Management Retail Service

Selling to the millennial generation

Order Reprints
Selling to the millennial generation

The new marketing battle cry is, “Here come the millennials!” This means millions of new consumers entering the marketplace with new standards and expectations.

Originally known as generation Y, these 16- to 32-year-olds now outsize the influential, graying baby boomers by as much as 8% to 9%. In this article, we’ll look at marketing to millennials and what matters to millennials.

Millennials examined

Before we get into the details of marketing and what matters, let’s take a look at studies done on millennials. Generations, like people, have personalities, and millennials are confident, self-expressive, liberal, upbeat and open to change. They will be the most educated generation in American history and are optimistic about the future of the nation. Their self-expression includes social networking; 75% have created a profile or posted a video of themselves, and 40% have at least one tattoo.

Tattoos and social media are examples of self-expression, and just like tattoos, a millennial’s social pages are one of a kind. They grew up in a media-saturated world where politicians lied, where wars continued, where parents were overly protective, and where terrorism made the world a more dangerous place. They respect their elders, yet are cautious regarding authority, and trust is earned through actions and the opinions of others, including Yelp. With millennials, trust is harder to earn and easier to lose.

This may sound contradictory, but millennials are loyal and open to change. Your first thought might be negative: If I work to attract this demographic, they will leave me anyway. That’s certainly one way to look at it, but here’s another: If I work to attract millennials and work hard to please them, then I also have a reasonable shot at attracting their digital friends and family who are willing to change. In the digital millennial age, it’s like word-of-mouth on steroids, and it can go either way, negative or positive.

Marketing to millennials

When marketing to millennials, it’s no surprise there are a myriad of digital channels such as Facebook, Twitter, YouTube and Instagram. Communication is a lifestyle with millennials, and their mobile devices keep them connected 24/7. These devices keep them connected to others in their digital community.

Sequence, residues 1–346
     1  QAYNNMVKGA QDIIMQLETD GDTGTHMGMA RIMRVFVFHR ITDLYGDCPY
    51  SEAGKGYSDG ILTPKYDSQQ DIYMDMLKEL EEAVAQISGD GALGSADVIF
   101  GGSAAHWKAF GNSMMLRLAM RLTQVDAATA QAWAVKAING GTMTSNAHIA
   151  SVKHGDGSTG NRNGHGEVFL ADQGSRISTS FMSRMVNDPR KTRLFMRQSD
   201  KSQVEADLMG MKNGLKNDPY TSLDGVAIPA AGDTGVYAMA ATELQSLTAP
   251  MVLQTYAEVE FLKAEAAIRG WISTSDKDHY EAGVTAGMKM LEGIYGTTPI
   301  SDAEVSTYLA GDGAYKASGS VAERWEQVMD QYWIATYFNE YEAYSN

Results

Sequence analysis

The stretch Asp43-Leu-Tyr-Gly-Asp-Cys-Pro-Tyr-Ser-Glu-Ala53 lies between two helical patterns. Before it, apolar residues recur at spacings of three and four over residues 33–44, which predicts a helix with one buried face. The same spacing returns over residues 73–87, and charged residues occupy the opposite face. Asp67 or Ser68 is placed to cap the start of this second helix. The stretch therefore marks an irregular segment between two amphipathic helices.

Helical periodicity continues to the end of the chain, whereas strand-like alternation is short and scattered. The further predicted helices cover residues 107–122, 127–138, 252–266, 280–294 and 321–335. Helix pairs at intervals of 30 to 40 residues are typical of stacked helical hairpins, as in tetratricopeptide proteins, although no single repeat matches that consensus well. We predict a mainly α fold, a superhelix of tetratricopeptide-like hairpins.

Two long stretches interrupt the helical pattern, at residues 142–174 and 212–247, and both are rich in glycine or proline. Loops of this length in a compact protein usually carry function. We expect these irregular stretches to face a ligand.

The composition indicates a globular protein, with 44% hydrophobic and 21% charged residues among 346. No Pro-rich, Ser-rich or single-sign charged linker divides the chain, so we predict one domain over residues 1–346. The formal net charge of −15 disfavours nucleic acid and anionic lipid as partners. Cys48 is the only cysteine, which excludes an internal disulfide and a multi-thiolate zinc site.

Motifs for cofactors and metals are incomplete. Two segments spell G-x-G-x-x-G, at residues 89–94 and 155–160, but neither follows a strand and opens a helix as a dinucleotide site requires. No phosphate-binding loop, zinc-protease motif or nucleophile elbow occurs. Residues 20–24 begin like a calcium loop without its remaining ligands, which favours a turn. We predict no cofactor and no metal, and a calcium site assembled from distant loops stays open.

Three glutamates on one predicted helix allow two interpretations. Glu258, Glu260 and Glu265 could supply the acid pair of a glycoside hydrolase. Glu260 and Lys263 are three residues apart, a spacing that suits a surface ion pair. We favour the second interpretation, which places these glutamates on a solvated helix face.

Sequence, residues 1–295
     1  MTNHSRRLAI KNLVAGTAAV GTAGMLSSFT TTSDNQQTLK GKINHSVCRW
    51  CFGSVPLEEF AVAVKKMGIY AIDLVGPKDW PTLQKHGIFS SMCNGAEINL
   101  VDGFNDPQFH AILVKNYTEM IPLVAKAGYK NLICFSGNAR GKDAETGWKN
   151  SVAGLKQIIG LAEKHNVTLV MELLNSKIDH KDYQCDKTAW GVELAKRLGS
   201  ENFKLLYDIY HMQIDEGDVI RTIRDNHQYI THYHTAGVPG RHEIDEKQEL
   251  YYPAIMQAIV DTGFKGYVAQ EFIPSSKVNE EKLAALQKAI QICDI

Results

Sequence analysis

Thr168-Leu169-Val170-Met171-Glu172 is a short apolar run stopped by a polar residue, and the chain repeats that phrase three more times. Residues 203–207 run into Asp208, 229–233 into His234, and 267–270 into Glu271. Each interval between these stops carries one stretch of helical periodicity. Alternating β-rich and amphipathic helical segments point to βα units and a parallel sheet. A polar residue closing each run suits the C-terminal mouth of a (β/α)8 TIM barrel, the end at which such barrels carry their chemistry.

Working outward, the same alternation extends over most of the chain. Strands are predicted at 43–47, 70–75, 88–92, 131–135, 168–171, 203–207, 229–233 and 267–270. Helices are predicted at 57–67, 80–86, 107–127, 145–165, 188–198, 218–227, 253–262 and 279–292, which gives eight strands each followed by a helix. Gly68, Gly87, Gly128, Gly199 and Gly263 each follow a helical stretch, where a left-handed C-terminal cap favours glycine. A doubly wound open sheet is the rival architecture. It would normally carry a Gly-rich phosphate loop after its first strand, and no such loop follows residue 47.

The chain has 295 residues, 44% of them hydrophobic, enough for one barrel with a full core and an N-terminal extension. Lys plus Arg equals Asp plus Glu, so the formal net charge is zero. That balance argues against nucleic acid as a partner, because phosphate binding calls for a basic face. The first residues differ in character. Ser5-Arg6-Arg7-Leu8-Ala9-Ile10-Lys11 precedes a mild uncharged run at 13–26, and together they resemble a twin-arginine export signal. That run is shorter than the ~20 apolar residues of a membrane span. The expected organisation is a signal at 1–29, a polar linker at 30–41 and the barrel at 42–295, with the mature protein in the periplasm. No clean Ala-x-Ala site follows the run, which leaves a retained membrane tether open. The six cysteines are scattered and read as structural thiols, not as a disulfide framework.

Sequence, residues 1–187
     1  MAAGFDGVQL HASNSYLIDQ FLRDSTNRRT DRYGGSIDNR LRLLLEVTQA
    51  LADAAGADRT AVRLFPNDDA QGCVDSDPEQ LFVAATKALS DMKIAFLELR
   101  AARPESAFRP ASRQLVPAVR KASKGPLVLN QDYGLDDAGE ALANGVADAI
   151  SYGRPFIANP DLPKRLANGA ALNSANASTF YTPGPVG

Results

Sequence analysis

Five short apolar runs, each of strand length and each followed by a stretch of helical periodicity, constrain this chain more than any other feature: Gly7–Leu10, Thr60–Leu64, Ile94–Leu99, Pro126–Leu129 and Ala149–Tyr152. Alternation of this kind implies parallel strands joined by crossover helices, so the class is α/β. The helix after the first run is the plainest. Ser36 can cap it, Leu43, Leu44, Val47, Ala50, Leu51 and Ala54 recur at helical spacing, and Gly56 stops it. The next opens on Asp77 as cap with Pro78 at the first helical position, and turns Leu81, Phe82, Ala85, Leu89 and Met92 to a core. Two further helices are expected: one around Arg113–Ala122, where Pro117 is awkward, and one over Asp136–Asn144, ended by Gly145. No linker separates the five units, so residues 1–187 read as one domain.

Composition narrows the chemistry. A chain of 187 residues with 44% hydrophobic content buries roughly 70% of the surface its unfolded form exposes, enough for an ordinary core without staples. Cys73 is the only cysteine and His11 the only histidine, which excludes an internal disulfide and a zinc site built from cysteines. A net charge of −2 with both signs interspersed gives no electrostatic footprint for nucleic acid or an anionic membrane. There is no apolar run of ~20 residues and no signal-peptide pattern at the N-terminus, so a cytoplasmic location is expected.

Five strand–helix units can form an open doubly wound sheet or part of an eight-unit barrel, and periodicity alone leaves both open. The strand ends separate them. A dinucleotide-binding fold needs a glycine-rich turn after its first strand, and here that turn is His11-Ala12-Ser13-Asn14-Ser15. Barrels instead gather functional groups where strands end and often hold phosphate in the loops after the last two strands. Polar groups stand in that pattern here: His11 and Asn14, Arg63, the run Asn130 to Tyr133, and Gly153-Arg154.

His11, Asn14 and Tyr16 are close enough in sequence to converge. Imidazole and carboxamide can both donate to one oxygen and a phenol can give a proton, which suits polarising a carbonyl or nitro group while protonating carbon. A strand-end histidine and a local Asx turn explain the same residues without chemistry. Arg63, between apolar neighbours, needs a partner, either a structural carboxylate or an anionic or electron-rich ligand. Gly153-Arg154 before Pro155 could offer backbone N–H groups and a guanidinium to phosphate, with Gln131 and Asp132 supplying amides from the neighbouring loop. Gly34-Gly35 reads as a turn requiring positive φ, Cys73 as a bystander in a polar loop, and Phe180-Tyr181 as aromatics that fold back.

Reaching this generation requires breaking into the digital community with a message(s) that earns trust. Advertising offers that sound too good to be true will cause a millennial to become skeptical.

Many millennials are on very tight budgets due to student loans, high unemployment, under-employment and more.

Millennials place high value on value; they are not necessarily cheap, but they have done research online and are not likely to be oversold or unvalued both from a product or personal standpoint.

When it comes to marketing, there is probably not a better targeted advertising/marketing investment. The simple reason is numbers; there are tens of millions of millennials currently spending billions of dollars annually on goods and services. As this millennial movement gains momentum, the results of winner vs. loser will be determined by smart marketing more than ever in history.

I’ve been talking about counter intelligence for years now, and it has never been more important. Truth and transparency is paramount to earning their trust, and personalized service is critical to maintaining their loyalty. Millennials like things their way; they have been told all their lives that they are special, and they believe it.

Keep the following in mind:

Your website must be optimized for mobile devices. Millennials have no patience and no desire to work to view your website. If you don’t know what this means, find out today.

You must maintain a social media profile, one that is informative, interactive and up-to-date. Pictures of your company picnic from three years ago are a turnoff.

Marketing offers and advertising must be relevant and straightforward; again, no patience to dig for the value.

Remember, millennials feel lied to, and in many cases, ripped off. You must nurture the relationship because it’s worth the time and effort.

Millennials represent the best potential long-term revenue for your location(s).

If your digital marketing is built correctly, they will come. If you don’t like dealing with millennials, sell your business now.     ■

Wayne Williams is president of ExSell Marketing Inc., a “counter intelligence” firm based in La Habra, Calif. He can be reached at

For more Counter Intelligence articles, see:

Bring your 'AA' game: UHP buyers walk in more than ready for you

At your tire dealership, the hardest thing to change is your mind

Avoiding certain sales attitudes

You must login or register in order to post a comment.